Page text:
The Classicists will insist that the Mockist approach does nothing to confirm the working state of the application, and also ties the tests to the implementation. If we change our method above to use, say, a CalculatorService, then the behaviour would remain the same and we would still have the number 7 returned, however our test would now produce a false alarm despite everything working fine.

The Mockists come back and say that because our unit tests should be isolated, we wouldn’t want a breakage in one collaborator (say, the Calculator) to lead to failing tests amongst their callers. Yes the application is broken, but we would prefer a single test to fail instead of multiple tests. Also that’s what integrated tests are for; to test the integration between multiple objects

Another way to describe the differences between the Classicist and Mockist view of testing is the use of state based tests and interaction based tests. So as you can see from the Mockist example, the London school would emphasise testing the interaction between objects and ensuring the correct messages get sent. The Detroit school argues that having a more state based testing architecture would afford ruthless refactoring, and with mocking excessively you are tying your objects to their collaborators interfaces and therefore creating a more inflexible test suite.

Mocks break the old mantra that one should test the interface, not the implementation. Changing the nature of the calls to the collaborators in any way would break the tests regardless of whether the functionality was in a working state. This is one of the common criticisms of the London school of testing.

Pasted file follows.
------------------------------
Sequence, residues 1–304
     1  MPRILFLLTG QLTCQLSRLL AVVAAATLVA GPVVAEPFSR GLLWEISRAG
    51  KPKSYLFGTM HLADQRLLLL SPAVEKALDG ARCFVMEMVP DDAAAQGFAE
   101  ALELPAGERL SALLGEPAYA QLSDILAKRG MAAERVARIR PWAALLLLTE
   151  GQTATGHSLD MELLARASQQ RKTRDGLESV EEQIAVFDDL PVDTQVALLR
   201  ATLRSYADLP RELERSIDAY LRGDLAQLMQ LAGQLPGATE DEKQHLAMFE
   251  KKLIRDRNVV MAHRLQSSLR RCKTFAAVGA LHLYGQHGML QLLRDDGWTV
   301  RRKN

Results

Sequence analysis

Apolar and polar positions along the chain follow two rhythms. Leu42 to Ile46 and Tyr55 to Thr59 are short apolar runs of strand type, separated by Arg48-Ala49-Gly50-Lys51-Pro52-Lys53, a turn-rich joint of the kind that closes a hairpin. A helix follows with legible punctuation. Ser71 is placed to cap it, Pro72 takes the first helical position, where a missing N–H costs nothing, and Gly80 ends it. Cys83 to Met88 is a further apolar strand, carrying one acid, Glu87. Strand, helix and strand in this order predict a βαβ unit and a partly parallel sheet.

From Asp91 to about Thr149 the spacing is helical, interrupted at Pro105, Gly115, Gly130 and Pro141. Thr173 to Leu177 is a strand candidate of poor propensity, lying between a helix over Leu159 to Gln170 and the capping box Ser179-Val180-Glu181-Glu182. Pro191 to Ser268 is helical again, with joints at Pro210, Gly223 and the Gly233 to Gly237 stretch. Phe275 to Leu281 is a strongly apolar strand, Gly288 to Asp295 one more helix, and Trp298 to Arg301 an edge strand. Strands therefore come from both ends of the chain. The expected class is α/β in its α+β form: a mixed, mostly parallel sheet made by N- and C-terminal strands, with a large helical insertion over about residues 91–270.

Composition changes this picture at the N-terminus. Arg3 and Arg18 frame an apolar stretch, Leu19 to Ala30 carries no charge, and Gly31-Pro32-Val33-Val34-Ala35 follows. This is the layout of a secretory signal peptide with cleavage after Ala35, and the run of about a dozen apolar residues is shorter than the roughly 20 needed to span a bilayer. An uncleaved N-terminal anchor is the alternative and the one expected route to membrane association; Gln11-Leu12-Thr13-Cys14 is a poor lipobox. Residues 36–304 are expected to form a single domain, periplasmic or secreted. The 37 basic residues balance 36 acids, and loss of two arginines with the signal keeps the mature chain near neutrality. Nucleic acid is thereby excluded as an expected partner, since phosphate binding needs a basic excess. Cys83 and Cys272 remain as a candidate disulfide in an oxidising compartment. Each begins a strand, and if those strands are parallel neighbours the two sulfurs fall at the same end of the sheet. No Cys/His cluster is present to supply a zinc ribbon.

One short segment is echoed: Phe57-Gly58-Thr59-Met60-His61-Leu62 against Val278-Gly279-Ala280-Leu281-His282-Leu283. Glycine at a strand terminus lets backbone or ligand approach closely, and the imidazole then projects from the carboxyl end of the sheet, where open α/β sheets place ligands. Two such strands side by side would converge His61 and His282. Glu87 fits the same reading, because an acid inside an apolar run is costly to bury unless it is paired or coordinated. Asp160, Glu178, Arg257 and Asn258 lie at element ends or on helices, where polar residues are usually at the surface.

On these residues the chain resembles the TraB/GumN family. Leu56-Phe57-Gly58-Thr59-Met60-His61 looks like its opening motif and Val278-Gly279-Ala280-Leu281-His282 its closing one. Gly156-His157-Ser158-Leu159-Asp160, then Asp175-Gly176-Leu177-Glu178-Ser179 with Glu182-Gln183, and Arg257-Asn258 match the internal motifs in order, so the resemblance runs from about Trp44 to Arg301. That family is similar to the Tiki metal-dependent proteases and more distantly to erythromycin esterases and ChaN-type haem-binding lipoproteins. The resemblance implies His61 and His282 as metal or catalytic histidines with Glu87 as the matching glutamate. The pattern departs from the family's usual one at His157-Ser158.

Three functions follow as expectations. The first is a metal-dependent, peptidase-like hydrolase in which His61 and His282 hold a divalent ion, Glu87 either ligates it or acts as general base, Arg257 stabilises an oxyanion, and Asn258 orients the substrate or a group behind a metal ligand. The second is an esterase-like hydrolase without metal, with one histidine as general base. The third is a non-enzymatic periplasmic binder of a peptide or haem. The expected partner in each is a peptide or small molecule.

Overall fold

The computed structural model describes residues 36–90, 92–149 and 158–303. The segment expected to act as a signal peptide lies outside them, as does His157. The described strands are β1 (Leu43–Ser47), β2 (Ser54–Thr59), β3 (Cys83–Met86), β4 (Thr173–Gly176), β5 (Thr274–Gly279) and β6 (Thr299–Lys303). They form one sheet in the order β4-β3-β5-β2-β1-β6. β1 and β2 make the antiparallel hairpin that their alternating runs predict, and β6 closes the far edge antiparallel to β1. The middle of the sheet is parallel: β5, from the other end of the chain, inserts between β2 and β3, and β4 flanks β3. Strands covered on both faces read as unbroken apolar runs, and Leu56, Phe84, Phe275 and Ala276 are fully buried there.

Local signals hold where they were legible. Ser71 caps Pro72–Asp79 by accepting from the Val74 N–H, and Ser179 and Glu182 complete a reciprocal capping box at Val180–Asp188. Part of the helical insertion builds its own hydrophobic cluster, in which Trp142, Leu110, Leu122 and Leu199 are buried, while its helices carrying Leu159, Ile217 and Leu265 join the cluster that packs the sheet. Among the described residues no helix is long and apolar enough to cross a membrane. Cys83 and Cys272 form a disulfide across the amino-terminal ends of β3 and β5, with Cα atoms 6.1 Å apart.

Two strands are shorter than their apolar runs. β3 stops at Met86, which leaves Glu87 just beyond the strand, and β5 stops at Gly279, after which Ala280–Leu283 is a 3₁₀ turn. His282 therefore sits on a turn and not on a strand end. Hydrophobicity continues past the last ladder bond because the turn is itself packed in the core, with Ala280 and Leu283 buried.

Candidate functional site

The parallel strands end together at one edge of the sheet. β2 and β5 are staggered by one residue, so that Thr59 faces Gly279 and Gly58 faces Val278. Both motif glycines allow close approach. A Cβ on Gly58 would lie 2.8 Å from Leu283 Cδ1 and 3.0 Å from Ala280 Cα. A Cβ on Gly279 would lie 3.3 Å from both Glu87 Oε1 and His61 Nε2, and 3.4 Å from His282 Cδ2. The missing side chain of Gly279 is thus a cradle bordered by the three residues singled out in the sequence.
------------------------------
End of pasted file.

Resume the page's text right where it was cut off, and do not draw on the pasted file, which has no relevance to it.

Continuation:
You’ll often hear about black box testing vs white box testing. Black box testing is associated with the Detroit school, whilst the latter is associated with the London school. So just like our ledger example above, the Classicists would not mock the collaborator object of our ledger class but instead treat the entire method call like a black box. I call a method, and I expect this result to come back. I don’t care how.

The Mockists would prefer white box testing by saying: I call a method, and I don’t care about the general correctness of the method because this is communicating to another object that I will test the return value of elsewhere. All I care about is that it communicates effectively.

I wish I was smart enough to end this blog post by giving a solid recommendation on which testing approach is better. However like a lot of things in software, there are tradeoffs.

If we were to classify useful, highly valuable tests that can deliver real business value, I would make the case that effective tests:

  1. Have a high chance of catching regressions
  2. Have a low chance of producing false positives
  3. Provide quick feedback

It’s often very difficult to maximise every single one of these without sacrificing one of the others. Whilst pretty much all unit tests provide quick feedback, and both Mockist and Classicist test setups provide a nice safety net to catch regressions, it’s the second point which is often contentious. A test architecture designed by a London school practitioner, with an extensive set of mocks, will likely produce many false positives and handicap any future refactoring efforts. Whilst a Classicist test suite will include less isolated unit tests that would break due to no fault of the particular subject under test. Redundant Coverage is an anti-pattern where a piece of production code is depended on by multiple tests, and it’s something commonly associated with the Detroit school.

I had a fun time researching the different trains of thought amongst these opposing camps. Since learning to program I have mainly been exposed to Mockist inspired testing suites and London school practitioners. I’ve had people tell me it’s diabolical to indirectly test the return value of a collaborator through the avoidance of mocks. Having knowledge on the opposing opinions and trade offs between each approach is invaluable and ensures that when I see a code base with no mocks, I shouldn’t be so quick to judge. And neither should you.